Let’s talk about you completing your PhD. What is it in?

It’s a Doctorate in Philosophy in Humanities. I’ve always liked school. When I came here, I had already completed five years towards a different PhD program at the University of Nairobi. I thought I would never be able to graduate simply because I had to flee for my life. Some time after arriving here, I decided to pursue another doctorate, and I thank God because He wiped my tears.

You’ve refocused and used your energy to be productive in all areas of your life, and that’s something that I think is so important for people to know. You can either choose to dwell on the negative, or you can choose to move forward.

Exactly. People need to understand that. You know my story. I came here, and the only thing I had was my passport, my pregnancy and God. I had nothing…zero resources. I was in a refugee camp with nothing in a country where I didn’t speak the language, and I didn’t know anybody. People give excuses for staying where they are, but for me, I think my story can encourage anyone because I’ve risen from a point of zero. This proves that you do not need much in life. Focus on your gifting. That’s the key. Don’t focus on what you don’t have. I have my brain. I have creativity. And that is everything that has gotten me to be where I am.

It does not matter what is happening in your life. It does not matter the place you are in life. What matters most is your willingness to be better.

And I think the most important thing is we need to acknowledge the truth. It was really by God’s grace.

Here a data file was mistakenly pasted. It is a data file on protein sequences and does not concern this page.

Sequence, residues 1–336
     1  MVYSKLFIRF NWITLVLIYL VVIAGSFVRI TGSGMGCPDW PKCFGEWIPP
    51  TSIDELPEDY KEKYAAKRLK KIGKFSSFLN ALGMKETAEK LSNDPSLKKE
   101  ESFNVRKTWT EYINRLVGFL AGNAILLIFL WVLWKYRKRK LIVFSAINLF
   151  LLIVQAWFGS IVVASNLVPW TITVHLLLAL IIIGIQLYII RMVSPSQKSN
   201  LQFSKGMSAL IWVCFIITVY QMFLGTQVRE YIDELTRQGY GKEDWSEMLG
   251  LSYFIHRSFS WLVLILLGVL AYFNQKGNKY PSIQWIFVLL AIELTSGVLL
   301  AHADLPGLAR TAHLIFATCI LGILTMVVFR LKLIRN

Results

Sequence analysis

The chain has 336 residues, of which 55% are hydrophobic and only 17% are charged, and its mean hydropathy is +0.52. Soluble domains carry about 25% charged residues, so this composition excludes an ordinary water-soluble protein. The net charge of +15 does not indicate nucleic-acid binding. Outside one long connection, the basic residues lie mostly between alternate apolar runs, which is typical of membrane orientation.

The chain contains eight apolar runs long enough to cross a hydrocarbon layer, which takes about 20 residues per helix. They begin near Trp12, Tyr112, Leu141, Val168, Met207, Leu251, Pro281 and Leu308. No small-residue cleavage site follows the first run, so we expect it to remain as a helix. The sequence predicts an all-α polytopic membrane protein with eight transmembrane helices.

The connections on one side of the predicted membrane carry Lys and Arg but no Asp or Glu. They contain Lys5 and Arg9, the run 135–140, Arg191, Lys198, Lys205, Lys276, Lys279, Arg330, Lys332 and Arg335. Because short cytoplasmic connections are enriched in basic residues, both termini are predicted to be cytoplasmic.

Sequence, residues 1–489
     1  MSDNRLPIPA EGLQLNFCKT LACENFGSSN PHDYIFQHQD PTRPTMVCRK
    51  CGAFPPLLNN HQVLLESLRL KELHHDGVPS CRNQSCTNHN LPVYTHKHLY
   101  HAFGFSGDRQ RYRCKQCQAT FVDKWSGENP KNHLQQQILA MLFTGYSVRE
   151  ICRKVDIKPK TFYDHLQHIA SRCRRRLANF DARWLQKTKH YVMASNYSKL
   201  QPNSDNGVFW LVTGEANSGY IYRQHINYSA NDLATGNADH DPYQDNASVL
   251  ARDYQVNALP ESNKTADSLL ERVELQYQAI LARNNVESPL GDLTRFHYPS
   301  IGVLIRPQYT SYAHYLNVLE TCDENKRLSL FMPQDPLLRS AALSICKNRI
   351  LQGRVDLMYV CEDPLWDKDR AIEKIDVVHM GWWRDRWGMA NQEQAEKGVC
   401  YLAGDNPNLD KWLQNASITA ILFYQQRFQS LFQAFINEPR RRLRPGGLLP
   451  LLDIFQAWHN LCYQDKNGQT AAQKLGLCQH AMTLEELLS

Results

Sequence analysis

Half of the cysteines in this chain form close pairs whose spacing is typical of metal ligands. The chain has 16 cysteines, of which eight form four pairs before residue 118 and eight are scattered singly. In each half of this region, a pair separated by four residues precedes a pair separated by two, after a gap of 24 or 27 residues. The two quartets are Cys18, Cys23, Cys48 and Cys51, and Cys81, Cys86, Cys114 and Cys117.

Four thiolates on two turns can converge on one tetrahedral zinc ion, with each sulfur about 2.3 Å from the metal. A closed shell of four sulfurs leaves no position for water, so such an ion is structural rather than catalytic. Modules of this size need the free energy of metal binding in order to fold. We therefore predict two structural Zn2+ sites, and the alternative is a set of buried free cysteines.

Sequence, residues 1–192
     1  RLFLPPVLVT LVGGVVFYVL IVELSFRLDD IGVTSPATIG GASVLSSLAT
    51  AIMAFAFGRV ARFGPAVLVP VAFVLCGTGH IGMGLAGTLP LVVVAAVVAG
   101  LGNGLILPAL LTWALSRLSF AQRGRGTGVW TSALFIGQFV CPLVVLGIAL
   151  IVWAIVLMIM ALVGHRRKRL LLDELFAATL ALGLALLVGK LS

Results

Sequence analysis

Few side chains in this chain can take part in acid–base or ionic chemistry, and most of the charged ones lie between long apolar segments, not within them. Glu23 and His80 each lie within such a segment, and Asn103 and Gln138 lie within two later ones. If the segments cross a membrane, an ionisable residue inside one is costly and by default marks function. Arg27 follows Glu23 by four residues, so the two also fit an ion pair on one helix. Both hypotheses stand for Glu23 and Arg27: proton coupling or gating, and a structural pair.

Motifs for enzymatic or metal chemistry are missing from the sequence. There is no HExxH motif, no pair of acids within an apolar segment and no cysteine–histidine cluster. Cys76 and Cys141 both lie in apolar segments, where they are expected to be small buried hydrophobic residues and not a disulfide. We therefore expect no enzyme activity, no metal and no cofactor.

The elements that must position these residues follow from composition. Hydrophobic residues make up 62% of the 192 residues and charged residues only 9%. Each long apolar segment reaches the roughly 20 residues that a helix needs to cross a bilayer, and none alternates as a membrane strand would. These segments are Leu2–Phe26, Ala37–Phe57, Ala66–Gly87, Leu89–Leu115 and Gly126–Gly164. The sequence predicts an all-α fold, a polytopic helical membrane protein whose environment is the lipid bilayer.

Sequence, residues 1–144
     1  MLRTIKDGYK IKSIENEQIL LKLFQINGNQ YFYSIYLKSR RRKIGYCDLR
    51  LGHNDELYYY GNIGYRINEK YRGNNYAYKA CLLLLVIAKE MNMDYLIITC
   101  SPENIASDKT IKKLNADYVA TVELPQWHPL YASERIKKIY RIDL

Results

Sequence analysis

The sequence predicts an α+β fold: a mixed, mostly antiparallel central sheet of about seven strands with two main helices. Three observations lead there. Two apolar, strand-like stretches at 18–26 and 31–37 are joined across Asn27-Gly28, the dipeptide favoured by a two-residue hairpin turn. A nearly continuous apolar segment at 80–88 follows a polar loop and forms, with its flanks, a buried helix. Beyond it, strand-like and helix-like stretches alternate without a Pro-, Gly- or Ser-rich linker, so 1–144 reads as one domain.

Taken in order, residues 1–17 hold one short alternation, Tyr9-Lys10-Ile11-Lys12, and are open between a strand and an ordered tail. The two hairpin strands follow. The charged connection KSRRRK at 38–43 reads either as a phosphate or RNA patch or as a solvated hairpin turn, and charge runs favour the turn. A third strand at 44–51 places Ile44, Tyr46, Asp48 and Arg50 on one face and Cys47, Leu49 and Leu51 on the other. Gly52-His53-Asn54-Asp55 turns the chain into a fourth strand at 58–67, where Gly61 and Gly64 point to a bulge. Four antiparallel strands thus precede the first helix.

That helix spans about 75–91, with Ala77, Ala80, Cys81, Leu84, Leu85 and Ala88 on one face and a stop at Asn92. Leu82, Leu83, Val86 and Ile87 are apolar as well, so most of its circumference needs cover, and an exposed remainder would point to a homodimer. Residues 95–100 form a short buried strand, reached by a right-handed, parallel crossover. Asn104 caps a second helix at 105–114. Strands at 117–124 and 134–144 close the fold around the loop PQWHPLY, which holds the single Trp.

What kept you going during your toughest moments?

My son has always been my ‘why’ and a compelling force for everything. He gives me a reason to fight even when things are really tough. To rise from zero, I had to change my mindset and apply myself. I got a mentor – many people do not understand the importance of getting a mentor. I had all these dreams, but without guidance, how was I supposed to have clear direction? So having that mentor or blueprint is important. You must have dreams, but dreams alone cannot take you anywhere.

This is what I tell people: in life, you can decide to do whatever you want, but what results are you looking for? Are your actions lining up with what you are trying to achieve? Also, who are you surrounding yourself with? Surround yourself with winners. Surround yourself with people who are where you want to be. Surround yourself with only quality people. Show us your friends, and we can predict your future. These are facts. You cannot be any different from the people you closely associate with. Guard your circle!

Can you name the awards that you’ve received?

My top three awards are: Best Motivational Speaker in Europe 2019, Most Outstanding Woman during the Pandemic, and I Change Nations Awards.

I really like that you didn’t wait for everything to be perfect before you started writing your first book.

It’s better to be prepared for an opportunity before it comes than to have an opportunity and not be prepared. I’ve spoken on a lot of platforms in universities here about different subjects such as overcoming diversities, depression and breaking limiting beliefs and actions to be able to create an extraordinary life to live free. I had a message for the masses, and I was determined to share it with students and different congregations. My focus was on transforming people’s lives. When you’re compelled to serve, it can make you do great things in life. When you serve, money will come. That has been key for me. My story is a good indication that anybody in this world can be anything they want to be. Use whatever you have. Everyone has something!

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    Grace kariuki

    My name is Grace kariuki and am a refugee in England.
    I have a special needs child who made me to face the worse in Kenya I would like to share my story